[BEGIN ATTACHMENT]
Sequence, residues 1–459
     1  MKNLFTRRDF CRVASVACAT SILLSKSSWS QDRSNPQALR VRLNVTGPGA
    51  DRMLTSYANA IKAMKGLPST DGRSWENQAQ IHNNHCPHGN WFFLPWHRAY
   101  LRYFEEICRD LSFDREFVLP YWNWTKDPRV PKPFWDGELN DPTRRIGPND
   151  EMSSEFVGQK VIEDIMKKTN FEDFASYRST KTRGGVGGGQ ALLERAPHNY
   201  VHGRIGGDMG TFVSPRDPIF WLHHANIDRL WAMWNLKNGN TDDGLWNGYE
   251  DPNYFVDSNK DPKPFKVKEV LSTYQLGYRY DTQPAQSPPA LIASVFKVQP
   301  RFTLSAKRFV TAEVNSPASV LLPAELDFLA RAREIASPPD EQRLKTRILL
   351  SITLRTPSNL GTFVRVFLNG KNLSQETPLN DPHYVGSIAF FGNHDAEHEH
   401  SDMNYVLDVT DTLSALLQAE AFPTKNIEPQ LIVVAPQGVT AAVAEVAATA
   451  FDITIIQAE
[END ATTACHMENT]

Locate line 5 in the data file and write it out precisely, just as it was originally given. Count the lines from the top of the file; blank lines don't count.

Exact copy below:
   151  EMSSEFVGQK VIEDIMKKTN FEDFASYRST KTRGGVGGGQ ALLERAPHNY